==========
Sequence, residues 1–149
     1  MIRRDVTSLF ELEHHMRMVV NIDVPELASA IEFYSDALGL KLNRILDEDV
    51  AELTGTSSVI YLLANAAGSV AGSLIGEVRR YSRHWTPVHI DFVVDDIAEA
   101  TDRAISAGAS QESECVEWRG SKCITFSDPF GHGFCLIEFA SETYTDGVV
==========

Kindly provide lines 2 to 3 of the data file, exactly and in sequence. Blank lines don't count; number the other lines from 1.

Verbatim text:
     1  MIRRDVTSLF ELEHHMRMVV NIDVPELASA IEFYSDALGL KLNRILDEDV
    51  AELTGTSSVI YLLANAAGSV AGSLIGEVRR YSRHWTPVHI DFVVDDIAEA